Gambling Woes


The Chesapeake Beach Railway Company constructed a mile-long racetrack, a grandstand to seat 2,000 spectators, and horse stables. To accommodate the racetrack goers, an elegant members-only Club House was built just a short walk away (later to be renamed The Belvedere Hotel). The Club House was to offer rest and relaxation, and for those wanting something more, high-stakes games of chance were available, including roulette, poker, and faro (a fast-paced card game). A casino was built nearby.

The racetrack was slated to open in December of 1900, but there were delays. Due to an oversight, the track was not sanctioned by the National Jockey Club, which made it an outlaw racetrack. Any jockey or horse that raced on an outlaw racetrack would be marked as taboo and bared from racing on any reputable track. The explanation for this failure may never be known, but it was a huge blow to the railway company. The first of many setbacks.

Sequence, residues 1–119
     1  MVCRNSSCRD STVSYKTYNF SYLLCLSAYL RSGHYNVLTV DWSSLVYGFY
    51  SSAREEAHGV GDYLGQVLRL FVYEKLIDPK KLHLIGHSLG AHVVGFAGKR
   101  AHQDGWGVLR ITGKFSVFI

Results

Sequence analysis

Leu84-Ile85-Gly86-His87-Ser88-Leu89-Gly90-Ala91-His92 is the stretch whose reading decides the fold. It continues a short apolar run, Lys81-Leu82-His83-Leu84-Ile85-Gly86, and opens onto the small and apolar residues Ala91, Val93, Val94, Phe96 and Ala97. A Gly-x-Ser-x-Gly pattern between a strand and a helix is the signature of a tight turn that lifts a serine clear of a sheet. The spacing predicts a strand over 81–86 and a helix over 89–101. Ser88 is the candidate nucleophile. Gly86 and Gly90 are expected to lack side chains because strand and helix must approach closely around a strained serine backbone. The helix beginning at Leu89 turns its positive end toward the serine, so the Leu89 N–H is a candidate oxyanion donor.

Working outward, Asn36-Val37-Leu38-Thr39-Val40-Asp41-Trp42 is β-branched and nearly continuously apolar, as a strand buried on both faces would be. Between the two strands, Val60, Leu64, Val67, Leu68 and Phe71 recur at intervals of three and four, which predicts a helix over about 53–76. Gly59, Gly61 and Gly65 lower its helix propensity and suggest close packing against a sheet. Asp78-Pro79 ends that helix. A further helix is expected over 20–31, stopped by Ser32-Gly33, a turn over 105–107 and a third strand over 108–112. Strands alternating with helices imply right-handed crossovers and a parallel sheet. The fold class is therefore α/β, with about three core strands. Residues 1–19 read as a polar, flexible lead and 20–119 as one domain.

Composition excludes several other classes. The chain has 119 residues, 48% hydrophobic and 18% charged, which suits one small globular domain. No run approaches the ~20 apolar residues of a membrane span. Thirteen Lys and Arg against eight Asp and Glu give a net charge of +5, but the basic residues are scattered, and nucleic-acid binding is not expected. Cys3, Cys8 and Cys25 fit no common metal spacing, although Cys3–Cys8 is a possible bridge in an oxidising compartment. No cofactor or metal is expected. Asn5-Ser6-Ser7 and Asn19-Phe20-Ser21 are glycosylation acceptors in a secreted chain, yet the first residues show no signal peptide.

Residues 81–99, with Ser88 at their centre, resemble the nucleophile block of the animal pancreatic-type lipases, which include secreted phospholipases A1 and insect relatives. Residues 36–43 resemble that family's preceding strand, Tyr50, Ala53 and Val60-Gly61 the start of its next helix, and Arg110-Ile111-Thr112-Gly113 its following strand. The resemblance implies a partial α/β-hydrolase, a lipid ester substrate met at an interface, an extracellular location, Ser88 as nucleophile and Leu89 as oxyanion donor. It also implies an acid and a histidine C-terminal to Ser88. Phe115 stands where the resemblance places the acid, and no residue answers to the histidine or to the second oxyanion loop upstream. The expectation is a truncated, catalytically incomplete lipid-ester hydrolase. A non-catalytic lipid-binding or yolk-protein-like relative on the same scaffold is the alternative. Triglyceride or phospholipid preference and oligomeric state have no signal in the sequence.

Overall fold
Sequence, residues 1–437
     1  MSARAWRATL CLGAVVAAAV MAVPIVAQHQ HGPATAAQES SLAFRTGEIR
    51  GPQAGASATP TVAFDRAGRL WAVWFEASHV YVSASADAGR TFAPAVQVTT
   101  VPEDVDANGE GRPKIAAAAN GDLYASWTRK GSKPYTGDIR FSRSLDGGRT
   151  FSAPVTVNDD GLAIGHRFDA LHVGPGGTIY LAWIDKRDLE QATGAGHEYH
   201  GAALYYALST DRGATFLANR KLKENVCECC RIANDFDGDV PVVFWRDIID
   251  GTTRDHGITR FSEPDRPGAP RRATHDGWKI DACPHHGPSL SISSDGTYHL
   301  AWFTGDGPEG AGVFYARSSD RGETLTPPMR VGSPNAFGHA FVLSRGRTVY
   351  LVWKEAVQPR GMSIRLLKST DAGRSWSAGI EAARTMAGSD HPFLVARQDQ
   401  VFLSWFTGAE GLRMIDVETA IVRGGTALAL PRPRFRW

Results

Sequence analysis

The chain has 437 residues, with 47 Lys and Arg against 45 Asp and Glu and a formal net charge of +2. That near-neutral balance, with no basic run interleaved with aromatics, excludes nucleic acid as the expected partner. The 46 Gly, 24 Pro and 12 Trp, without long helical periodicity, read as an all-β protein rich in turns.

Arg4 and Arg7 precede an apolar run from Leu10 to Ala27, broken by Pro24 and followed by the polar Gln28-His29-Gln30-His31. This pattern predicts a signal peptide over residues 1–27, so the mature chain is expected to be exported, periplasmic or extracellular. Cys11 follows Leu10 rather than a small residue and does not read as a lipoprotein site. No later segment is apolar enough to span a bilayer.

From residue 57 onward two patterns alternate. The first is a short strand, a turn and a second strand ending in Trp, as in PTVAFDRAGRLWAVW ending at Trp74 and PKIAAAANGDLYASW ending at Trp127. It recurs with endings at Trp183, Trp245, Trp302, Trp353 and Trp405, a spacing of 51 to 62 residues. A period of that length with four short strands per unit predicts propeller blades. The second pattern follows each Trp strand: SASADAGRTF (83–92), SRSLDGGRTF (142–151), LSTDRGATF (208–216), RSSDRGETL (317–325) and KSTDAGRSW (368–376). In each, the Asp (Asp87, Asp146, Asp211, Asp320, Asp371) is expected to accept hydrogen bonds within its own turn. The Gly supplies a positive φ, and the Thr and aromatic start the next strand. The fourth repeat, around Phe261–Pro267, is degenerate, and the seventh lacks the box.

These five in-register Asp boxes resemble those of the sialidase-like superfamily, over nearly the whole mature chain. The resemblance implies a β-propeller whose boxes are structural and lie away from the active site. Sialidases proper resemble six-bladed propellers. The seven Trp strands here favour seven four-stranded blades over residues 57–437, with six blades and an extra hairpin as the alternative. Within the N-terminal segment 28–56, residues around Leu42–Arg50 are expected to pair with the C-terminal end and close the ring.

The company tried for two years to institute the gambling they had planned for, but without success. There was a strong anti-gambling sentiment growing at the turn of the century, and Otto Mears had failed to apply for the required gambling license from the Calvert County Circuit Court, believing it to be unnecessary. It turned out that the company’s charter was not as unrestricted as they had assumed.

After building lavish structures and spending an exorbitant amount of time and money, the dream of making Chesapeake Beach a gambling mecca had to be abandoned. By the end of 1902, Otto Mears and most of the original founders resigned, and in 1903 the resort’s focus shifted to a family friendly destination, with David Halliday Moffat at the helm.

“FOR A MONTE CARLO. / A Gambling House to Be Built / for the Wealthy. / Three Million Dollars Invested in a Vast Gaming Venture on Chesapeake Bay.” The Topeka Daily Capital, KS, p.5, November 7, 1900.